Nasher Museum of Art

  • 1978_4_1_v4_700

    Charles Balthazar Julien Fevret de Saint-Mémin, French, Portrait of Chief Justice John Marshall, 1807-1808. Black and white crayon on pink paper, 22 x 16 inches (55.9 x 40.6 cm). Collection of the Nasher Museum of Art at Duke University, Durham, NC, USA. Gift by transfer from Duke University Law School, 1978.4.1. Photo by Peter Paul Geoffrion.

  • George Cruikshank

    George Cruikshank, Page of Sketches for Book Illustrations, 1792-1878. Graphite on paper, 7 7/16 x 9 inches (18.9 x 22.9 cm). Collection of the Nasher Museum of Art at Duke University, Durham, NC, USA. Museum Purchase, Charles Rufus Clegg Art Collection Fund, 1969.4.1.

  • 2008_14_2_v1_700

    Dorothy Dehner, Untitled, 1952. Pen and ink on paper, 15 3/4 x 20 3/8 inches (40 x 51.8 cm). Collection of the Nasher Museum of Art at Duke University, Durham, NC, USA. Gift of Raphael Simons, 2008.14.2.  © Dorothy Dehner Foundation for the Visual Arts.

Background

Drawing is the oldest non-performative art form. Made by marking lines on a surface, drawing has traditionally been the educational foundation for all of the arts—from painting and sculpture to architecture.[1] Artists sketched models and copied works by other artists to train both their eye and their hand in using line and value (lightness and darkness) to represent visual forms. Before photography, drawing was the primary medium for capturing and making sense of the visible world.

 

Then and now, artists often draw in order to think through ideas and to plan out works that they will create later in another medium. These preliminary and preparatory sketches illuminate artists’ creative working processes. Drawings may also be finished works of art in their own right, made from a variety of media (materials).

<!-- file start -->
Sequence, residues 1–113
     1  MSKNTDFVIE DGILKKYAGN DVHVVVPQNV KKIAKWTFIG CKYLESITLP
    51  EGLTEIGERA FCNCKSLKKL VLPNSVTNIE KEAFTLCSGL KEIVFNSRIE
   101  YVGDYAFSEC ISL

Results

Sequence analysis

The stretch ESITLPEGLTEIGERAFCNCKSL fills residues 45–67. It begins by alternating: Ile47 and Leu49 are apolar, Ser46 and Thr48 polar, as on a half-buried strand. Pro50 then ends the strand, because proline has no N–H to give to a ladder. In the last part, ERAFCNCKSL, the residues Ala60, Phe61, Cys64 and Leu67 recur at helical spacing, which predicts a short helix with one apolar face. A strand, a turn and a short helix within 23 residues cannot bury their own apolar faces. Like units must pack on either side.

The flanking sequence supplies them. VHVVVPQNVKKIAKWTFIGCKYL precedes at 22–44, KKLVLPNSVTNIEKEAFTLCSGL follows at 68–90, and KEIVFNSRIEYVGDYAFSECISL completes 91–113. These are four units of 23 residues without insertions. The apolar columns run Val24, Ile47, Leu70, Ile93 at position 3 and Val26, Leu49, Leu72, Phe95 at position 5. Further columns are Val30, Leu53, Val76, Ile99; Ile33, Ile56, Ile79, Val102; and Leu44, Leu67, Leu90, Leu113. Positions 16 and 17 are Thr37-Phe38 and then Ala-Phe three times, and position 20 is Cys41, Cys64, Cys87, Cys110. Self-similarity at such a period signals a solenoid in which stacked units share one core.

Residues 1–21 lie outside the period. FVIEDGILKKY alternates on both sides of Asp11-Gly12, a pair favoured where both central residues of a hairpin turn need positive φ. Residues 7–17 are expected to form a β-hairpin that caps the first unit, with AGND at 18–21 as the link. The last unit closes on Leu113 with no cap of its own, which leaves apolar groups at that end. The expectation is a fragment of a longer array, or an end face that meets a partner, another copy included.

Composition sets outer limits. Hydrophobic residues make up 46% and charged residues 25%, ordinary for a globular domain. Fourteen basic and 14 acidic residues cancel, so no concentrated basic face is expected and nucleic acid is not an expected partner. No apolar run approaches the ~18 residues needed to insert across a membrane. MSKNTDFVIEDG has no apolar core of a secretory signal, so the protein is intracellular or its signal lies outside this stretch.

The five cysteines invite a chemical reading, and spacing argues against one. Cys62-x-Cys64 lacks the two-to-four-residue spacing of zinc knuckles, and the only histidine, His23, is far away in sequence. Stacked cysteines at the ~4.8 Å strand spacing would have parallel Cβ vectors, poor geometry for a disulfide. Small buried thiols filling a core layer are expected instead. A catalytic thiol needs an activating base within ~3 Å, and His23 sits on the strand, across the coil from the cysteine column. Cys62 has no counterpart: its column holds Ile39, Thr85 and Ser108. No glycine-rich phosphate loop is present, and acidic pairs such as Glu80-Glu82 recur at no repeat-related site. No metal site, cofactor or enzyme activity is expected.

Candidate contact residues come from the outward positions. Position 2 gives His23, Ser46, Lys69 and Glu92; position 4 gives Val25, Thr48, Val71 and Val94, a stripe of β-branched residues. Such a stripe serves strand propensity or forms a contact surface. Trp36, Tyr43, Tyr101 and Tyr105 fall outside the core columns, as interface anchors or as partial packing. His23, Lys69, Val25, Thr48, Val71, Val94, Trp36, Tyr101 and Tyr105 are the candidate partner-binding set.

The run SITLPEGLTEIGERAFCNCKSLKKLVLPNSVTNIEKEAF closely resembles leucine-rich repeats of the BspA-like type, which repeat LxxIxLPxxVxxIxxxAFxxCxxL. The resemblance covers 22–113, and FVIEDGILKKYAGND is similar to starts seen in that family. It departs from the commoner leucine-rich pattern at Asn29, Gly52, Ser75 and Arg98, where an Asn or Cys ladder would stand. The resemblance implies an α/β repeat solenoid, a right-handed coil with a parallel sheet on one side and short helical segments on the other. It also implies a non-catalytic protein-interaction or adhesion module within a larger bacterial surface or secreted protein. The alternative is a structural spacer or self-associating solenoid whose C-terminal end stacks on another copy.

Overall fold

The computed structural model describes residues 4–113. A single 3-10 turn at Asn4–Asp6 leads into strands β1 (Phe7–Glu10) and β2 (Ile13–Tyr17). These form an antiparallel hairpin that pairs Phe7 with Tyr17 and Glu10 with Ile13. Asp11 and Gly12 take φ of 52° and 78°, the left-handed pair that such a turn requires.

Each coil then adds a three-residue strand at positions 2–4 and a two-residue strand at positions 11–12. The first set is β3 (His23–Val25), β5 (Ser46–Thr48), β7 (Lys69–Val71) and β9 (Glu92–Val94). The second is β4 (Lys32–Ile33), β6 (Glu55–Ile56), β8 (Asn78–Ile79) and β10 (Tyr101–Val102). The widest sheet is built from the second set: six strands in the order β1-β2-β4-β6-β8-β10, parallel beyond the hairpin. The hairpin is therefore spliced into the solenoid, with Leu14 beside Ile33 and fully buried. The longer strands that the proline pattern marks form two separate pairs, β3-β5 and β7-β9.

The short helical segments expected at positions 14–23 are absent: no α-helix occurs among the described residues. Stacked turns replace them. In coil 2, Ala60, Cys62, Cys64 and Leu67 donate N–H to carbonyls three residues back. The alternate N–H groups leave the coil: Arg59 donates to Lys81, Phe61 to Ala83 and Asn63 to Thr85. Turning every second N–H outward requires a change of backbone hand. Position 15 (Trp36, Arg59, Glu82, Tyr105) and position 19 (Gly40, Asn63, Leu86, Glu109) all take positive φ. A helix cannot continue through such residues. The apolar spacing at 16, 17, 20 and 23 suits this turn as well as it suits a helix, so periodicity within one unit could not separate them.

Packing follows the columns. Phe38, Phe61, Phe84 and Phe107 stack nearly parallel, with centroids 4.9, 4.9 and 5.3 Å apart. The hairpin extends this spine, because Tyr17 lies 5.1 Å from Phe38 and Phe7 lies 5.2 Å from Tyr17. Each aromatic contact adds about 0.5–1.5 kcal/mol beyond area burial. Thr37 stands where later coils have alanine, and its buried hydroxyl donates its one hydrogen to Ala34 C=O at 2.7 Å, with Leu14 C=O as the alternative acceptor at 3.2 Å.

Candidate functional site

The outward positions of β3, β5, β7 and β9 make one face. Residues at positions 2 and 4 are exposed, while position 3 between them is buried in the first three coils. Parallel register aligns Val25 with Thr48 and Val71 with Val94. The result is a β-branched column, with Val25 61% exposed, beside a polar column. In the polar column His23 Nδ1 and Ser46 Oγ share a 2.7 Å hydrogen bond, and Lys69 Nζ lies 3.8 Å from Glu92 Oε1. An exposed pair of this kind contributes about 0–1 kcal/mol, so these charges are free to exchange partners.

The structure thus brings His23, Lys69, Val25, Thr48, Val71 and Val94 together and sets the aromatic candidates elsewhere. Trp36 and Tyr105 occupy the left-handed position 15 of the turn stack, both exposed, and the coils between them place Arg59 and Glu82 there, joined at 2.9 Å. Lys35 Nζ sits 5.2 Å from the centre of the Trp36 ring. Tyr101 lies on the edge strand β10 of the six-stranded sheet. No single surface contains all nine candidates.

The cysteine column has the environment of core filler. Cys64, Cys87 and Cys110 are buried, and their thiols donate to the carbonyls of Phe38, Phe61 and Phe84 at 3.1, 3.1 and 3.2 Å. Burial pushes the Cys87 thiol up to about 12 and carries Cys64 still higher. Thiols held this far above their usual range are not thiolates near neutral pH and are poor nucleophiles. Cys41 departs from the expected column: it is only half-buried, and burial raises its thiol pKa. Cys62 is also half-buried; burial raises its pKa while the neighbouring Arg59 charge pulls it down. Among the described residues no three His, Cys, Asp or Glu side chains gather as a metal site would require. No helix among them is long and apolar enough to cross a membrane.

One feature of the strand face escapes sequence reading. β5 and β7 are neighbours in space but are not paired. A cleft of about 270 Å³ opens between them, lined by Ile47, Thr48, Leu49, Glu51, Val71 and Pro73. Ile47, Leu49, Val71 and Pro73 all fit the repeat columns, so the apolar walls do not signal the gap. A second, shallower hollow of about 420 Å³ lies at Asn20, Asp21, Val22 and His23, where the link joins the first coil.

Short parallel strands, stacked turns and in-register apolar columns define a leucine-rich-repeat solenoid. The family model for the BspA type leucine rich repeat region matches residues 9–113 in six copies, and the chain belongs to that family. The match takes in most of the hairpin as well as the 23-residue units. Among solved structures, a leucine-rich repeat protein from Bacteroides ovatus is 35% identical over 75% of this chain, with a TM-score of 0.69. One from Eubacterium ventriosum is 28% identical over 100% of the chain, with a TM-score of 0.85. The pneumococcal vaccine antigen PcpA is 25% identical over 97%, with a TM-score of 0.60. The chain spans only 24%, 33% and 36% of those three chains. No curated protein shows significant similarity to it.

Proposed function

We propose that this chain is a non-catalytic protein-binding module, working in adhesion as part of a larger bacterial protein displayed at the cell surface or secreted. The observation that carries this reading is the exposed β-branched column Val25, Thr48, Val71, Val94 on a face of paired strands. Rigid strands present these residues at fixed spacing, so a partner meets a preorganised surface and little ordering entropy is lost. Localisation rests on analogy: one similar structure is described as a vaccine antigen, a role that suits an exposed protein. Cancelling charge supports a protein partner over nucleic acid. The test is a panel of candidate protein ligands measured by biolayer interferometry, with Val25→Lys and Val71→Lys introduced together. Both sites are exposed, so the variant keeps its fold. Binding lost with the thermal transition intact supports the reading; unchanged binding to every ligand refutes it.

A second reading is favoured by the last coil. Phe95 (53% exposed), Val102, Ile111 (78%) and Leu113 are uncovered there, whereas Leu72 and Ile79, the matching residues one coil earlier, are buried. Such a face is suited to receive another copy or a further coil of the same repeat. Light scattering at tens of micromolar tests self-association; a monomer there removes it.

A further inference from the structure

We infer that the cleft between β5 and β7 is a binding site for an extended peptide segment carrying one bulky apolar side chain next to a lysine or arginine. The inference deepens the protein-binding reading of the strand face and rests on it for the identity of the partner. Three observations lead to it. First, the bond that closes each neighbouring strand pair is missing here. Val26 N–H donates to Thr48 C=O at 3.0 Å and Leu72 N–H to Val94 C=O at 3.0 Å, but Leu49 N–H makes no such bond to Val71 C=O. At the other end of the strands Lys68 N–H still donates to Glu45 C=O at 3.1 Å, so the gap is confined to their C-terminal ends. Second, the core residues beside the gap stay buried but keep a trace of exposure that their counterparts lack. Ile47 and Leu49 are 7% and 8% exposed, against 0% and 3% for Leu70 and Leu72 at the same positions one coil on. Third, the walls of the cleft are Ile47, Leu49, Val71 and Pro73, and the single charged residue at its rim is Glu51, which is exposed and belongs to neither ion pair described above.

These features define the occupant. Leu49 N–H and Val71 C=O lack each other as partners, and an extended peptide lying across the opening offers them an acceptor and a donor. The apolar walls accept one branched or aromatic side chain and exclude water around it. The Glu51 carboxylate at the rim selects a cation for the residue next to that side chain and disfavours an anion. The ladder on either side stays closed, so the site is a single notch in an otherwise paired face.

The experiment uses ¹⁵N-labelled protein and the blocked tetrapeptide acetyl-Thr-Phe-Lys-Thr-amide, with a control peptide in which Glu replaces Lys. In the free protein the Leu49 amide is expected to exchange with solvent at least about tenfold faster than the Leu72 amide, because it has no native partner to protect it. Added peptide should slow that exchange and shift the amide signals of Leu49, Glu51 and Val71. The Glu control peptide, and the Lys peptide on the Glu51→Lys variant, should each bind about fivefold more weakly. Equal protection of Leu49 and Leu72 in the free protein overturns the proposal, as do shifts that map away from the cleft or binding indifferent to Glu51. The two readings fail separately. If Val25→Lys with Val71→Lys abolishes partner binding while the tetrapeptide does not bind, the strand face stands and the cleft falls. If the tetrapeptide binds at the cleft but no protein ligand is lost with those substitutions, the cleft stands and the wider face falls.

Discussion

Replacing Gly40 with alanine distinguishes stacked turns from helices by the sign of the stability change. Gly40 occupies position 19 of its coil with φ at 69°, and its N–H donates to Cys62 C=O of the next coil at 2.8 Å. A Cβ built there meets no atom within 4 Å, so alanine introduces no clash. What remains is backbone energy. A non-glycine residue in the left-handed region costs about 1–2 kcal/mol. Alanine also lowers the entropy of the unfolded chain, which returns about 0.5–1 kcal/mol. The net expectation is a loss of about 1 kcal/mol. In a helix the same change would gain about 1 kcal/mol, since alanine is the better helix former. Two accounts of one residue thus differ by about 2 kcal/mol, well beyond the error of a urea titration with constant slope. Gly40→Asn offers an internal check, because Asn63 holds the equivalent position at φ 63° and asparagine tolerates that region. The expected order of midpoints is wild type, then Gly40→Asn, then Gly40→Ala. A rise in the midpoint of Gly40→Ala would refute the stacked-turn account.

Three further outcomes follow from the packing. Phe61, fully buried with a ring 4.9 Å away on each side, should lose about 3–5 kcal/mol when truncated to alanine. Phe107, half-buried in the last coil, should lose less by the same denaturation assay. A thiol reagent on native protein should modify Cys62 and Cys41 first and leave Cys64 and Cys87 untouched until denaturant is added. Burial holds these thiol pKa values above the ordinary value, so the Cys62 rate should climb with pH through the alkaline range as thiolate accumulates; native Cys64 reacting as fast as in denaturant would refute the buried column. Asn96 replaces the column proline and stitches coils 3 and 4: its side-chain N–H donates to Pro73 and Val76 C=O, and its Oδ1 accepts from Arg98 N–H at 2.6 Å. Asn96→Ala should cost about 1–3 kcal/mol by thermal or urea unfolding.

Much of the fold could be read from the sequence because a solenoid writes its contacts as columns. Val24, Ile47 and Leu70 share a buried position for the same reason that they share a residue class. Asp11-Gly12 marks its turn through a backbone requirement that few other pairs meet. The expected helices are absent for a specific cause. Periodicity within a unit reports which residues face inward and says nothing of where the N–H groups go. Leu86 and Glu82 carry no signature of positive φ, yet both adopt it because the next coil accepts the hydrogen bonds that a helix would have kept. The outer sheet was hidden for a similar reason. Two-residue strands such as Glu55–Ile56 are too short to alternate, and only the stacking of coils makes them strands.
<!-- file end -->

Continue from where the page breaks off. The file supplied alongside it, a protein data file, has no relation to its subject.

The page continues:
How do you look at a drawing?

Look at the medium (the material) and technique.

  • What did the artist draw with? What did s/he draw on?
  • What visual effects do these materials have?
  • How did the artist use the medium? What technique did s/he use?
  • What visual effects does the technique contribute?
  • Why do you think the artist used these materials and technique?

Look at the graphic qualities like line, tone (the degree of lightness or darkness), and shading.

  • How would you describe the lines? Are they thick or thin? Bold or delicate? Deliberate or sketchy? Continuous or broken?
  • How do lines, tone, and shading define form?
  • Did the artist use color? How does color, or lack thereof, contribute to the composition?

Look at the drawing as a whole.

  • Why do you think the artist made the drawing? What makes you think this?
  • Who do you think s/he made the drawing for? Why do you think this?
  • Do you think the artist made the drawing to be exhibited in an art museum? If not, how does the art museum context affect how you experience, react to, and interpret the drawing, if at all? Why do you think this?
  • Do you think the artist intended for the drawing to be preserved for a long time, or was it supposed to be ephemeral and disposable? Why do you think this, or how do you know? How does this affect how you experience, react to, and interpret the work, if at all?